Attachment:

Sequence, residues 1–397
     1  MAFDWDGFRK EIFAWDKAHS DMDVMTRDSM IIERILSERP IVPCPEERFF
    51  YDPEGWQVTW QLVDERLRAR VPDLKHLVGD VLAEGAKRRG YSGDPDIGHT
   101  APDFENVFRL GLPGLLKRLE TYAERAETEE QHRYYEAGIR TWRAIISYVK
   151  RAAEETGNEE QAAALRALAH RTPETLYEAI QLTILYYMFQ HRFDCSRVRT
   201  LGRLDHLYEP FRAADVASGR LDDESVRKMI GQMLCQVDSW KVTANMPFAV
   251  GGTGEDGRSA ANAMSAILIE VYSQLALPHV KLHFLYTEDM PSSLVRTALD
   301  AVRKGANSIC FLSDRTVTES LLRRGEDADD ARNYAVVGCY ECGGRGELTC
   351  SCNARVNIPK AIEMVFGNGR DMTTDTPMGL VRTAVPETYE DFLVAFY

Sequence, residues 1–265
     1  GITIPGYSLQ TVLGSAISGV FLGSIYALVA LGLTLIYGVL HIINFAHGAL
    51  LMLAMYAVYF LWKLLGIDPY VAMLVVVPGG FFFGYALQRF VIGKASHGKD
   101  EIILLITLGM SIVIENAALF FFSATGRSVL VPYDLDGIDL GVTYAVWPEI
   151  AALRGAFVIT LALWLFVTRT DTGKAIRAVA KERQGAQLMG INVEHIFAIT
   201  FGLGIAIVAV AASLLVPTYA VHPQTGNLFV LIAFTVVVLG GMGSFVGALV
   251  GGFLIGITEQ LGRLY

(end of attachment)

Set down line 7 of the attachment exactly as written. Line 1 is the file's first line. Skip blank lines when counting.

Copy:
   251  GGTGEDGRSA ANAMSAILIE VYSQLALPHV KLHFLYTEDM PSSLVRTALD